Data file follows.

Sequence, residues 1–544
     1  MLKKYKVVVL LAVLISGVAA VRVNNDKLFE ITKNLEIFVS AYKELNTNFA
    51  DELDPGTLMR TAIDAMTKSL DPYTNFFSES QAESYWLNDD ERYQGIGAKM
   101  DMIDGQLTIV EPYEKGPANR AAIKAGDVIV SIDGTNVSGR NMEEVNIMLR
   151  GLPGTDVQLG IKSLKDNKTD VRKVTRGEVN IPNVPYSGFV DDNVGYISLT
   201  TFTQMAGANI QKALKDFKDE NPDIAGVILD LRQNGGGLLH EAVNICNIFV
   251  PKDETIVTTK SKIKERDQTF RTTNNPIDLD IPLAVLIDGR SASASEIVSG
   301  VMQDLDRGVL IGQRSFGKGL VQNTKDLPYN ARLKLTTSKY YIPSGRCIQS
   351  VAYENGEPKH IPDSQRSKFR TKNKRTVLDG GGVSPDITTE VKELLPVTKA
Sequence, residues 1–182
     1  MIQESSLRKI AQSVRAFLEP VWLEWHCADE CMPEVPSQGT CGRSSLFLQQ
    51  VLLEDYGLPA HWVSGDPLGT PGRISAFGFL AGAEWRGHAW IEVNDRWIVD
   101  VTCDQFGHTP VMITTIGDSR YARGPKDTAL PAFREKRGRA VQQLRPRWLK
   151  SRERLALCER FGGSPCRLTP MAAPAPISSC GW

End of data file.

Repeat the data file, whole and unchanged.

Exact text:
Sequence, residues 1–544
     1  MLKKYKVVVL LAVLISGVAA VRVNNDKLFE ITKNLEIFVS AYKELNTNFA
    51  DELDPGTLMR TAIDAMTKSL DPYTNFFSES QAESYWLNDD ERYQGIGAKM
   101  DMIDGQLTIV EPYEKGPANR AAIKAGDVIV SIDGTNVSGR NMEEVNIMLR
   151  GLPGTDVQLG IKSLKDNKTD VRKVTRGEVN IPNVPYSGFV DDNVGYISLT
   201  TFTQMAGANI QKALKDFKDE NPDIAGVILD LRQNGGGLLH EAVNICNIFV
   251  PKDETIVTTK SKIKERDQTF RTTNNPIDLD IPLAVLIDGR SASASEIVSG
   301  VMQDLDRGVL IGQRSFGKGL VQNTKDLPYN ARLKLTTSKY YIPSGRCIQS
   351  VAYENGEPKH IPDSQRSKFR TKNKRTVLDG GGVSPDITTE VKELLPVTKA
Sequence, residues 1–182
     1  MIQESSLRKI AQSVRAFLEP VWLEWHCADE CMPEVPSQGT CGRSSLFLQQ
    51  VLLEDYGLPA HWVSGDPLGT PGRISAFGFL AGAEWRGHAW IEVNDRWIVD
   101  VTCDQFGHTP VMITTIGDSR YARGPKDTAL PAFREKRGRA VQQLRPRWLK
   151  SRERLALCER FGGSPCRLTP MAAPAPISSC GW